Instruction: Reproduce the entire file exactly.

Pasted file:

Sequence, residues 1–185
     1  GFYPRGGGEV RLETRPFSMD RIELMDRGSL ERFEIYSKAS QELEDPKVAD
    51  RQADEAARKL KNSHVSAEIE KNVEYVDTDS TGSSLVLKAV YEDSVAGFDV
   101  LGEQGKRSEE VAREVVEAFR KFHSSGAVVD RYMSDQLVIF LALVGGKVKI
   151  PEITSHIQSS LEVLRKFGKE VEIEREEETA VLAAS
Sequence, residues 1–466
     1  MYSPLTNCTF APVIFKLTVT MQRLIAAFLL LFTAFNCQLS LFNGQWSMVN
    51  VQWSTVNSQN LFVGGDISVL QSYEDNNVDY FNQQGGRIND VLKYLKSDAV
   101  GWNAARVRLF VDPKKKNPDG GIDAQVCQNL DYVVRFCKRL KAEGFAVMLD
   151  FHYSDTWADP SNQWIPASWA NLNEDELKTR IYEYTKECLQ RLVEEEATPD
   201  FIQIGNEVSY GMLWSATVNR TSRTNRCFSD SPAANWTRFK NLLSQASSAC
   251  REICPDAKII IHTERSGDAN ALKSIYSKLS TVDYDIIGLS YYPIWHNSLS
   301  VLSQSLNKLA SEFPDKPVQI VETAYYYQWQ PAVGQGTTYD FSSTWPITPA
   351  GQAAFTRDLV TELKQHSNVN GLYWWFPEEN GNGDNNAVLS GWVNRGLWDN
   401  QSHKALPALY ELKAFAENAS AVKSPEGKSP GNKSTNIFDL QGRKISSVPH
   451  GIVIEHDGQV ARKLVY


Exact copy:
Sequence, residues 1–185
     1  GFYPRGGGEV RLETRPFSMD RIELMDRGSL ERFEIYSKAS QELEDPKVAD
    51  RQADEAARKL KNSHVSAEIE KNVEYVDTDS TGSSLVLKAV YEDSVAGFDV
   101  LGEQGKRSEE VAREVVEAFR KFHSSGAVVD RYMSDQLVIF LALVGGKVKI
   151  PEITSHIQSS LEVLRKFGKE VEIEREEETA VLAAS
Sequence, residues 1–466
     1  MYSPLTNCTF APVIFKLTVT MQRLIAAFLL LFTAFNCQLS LFNGQWSMVN
    51  VQWSTVNSQN LFVGGDISVL QSYEDNNVDY FNQQGGRIND VLKYLKSDAV
   101  GWNAARVRLF VDPKKKNPDG GIDAQVCQNL DYVVRFCKRL KAEGFAVMLD
   151  FHYSDTWADP SNQWIPASWA NLNEDELKTR IYEYTKECLQ RLVEEEATPD
   201  FIQIGNEVSY GMLWSATVNR TSRTNRCFSD SPAANWTRFK NLLSQASSAC
   251  REICPDAKII IHTERSGDAN ALKSIYSKLS TVDYDIIGLS YYPIWHNSLS
   301  VLSQSLNKLA SEFPDKPVQI VETAYYYQWQ PAVGQGTTYD FSSTWPITPA
   351  GQAAFTRDLV TELKQHSNVN GLYWWFPEEN GNGDNNAVLS GWVNRGLWDN
   401  QSHKALPALY ELKAFAENAS AVKSPEGKSP GNKSTNIFDL QGRKISSVPH
   451  GIVIEHDGQV ARKLVY